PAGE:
07 May 2015 19:34 IST

Bulls and Bears

Watch this video to know what these terms mean and how they affect the market and the economy

Stock market commentators in the print and electronic media tend to use a lot of animal metaphors, bulls and bears being some of the most common. A bullish market is one where investors are very optimistic, and are keen to buy shares and there are very few sellers, so the prices are constantly being pushed higher, and the market is in an upward move.

On the contrary, in a bear market, people are pessimistic about the prospects of companies, so stock prices are falling steadily and there are far fewer buyers than there are sellers.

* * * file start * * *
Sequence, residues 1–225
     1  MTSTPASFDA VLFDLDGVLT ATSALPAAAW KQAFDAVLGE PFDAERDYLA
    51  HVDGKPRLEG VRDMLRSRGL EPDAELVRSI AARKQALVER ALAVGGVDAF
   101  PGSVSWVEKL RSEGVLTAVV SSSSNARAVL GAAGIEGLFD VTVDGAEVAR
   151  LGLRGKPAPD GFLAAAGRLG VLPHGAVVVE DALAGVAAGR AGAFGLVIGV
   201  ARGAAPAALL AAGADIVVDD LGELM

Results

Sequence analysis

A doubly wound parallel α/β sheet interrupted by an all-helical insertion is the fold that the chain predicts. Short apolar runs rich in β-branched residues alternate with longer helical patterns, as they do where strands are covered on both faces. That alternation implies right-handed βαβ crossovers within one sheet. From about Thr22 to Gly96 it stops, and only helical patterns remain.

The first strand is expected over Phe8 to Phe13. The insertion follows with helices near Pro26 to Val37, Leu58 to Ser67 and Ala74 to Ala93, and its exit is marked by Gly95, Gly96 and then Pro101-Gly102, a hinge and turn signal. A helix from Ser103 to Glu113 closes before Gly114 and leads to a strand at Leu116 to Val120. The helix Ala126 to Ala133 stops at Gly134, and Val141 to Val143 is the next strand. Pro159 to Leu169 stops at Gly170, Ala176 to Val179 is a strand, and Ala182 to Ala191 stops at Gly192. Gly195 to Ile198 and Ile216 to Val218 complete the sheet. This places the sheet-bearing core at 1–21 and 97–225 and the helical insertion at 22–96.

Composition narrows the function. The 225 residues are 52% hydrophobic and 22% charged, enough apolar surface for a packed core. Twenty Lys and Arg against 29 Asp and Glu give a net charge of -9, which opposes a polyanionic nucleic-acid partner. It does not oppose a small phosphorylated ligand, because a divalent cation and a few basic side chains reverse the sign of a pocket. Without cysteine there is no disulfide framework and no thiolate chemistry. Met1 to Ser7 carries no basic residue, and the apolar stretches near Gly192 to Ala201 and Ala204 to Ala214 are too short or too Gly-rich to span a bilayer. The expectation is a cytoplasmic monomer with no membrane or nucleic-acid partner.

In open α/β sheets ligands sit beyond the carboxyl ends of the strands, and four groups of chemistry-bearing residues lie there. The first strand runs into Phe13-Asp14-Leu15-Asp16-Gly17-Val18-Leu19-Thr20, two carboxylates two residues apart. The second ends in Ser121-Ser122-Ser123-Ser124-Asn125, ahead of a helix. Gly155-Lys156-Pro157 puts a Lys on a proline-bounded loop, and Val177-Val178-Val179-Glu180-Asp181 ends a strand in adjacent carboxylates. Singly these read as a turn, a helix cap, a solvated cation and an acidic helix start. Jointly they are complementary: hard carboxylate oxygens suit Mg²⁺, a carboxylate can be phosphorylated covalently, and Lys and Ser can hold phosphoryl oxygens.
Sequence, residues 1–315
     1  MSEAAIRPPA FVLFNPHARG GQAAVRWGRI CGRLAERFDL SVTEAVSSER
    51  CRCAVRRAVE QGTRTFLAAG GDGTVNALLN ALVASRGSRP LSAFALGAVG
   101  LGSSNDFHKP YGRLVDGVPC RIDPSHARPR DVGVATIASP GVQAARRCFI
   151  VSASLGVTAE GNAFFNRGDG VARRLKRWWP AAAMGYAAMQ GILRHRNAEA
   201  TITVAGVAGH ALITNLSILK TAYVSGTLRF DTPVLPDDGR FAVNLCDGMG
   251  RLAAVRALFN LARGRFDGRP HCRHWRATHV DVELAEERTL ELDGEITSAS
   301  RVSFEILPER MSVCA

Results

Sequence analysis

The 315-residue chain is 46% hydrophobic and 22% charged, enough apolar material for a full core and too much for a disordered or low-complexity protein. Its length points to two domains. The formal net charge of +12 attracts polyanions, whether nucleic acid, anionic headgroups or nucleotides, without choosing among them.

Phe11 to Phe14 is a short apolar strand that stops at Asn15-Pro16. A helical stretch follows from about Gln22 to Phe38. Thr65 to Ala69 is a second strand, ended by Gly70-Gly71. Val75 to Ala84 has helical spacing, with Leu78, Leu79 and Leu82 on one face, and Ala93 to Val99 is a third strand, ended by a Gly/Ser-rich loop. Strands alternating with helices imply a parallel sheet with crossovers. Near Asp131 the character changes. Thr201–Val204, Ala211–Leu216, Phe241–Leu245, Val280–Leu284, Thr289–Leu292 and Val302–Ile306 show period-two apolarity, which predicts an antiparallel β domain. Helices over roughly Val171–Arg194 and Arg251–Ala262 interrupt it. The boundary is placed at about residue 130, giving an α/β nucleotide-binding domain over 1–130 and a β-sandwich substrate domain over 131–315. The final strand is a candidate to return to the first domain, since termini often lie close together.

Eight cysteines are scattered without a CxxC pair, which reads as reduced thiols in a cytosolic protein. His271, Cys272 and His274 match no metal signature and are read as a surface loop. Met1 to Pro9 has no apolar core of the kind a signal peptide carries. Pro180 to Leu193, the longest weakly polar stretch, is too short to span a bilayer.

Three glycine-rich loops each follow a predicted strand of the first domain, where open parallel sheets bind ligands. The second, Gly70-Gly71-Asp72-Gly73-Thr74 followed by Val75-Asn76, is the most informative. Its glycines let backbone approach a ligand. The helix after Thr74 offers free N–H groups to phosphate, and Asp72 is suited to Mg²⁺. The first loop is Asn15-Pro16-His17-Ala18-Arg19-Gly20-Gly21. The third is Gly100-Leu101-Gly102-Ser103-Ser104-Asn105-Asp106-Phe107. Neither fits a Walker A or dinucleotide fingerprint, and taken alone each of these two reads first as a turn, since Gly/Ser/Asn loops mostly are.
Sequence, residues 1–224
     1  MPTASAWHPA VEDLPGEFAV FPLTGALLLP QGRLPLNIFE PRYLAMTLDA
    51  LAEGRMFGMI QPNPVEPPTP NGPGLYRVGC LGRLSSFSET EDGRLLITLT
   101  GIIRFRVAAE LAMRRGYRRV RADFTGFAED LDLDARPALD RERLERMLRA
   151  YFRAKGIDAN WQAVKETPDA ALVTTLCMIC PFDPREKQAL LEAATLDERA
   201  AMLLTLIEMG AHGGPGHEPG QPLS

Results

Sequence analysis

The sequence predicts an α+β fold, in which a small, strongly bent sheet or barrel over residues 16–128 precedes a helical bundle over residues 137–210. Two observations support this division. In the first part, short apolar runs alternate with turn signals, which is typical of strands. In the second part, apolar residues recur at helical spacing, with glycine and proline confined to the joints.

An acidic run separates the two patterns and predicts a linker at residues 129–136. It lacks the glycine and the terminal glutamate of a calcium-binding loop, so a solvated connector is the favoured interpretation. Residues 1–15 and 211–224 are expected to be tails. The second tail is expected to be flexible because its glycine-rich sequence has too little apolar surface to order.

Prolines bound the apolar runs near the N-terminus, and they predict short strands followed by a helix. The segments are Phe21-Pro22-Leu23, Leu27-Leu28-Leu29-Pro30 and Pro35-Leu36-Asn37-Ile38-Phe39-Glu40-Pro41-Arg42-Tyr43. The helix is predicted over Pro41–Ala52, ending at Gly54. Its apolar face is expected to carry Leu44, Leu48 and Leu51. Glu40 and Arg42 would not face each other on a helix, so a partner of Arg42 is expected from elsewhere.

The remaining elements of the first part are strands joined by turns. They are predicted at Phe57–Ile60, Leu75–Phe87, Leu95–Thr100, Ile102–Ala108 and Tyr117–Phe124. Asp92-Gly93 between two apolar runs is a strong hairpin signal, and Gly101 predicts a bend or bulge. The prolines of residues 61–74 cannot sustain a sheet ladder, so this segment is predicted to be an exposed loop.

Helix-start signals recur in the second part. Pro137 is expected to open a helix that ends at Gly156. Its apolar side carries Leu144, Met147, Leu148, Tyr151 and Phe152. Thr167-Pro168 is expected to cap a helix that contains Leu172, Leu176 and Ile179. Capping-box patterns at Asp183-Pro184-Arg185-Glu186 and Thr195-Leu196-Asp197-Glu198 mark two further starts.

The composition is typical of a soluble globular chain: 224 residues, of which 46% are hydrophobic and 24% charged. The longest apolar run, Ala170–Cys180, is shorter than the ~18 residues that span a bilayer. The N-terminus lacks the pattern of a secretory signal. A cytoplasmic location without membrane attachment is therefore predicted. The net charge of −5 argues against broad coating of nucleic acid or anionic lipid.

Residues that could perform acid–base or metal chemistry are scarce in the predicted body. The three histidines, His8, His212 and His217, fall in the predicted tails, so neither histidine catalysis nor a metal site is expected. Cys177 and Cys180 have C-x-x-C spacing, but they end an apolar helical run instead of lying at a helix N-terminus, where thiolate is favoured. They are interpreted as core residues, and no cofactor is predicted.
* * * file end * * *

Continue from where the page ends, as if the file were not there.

In the video, Aarati Krishnan explains that stock prices often move in a very wide band, even within the trading day or trading session. But this doesn’t mean that bull and bear markets happen in the same day! By definition, a bear market is one where the benchmark index falls by 20 per cent or more over a period of two months or more. In a bull market, the reverse happens. It is one in which the indices trend upwards by 20 per cent or more, without a correction, for two months or more.

Watch the video to learn about the origin of the terms, and to know what cyclical and structural bear markets are.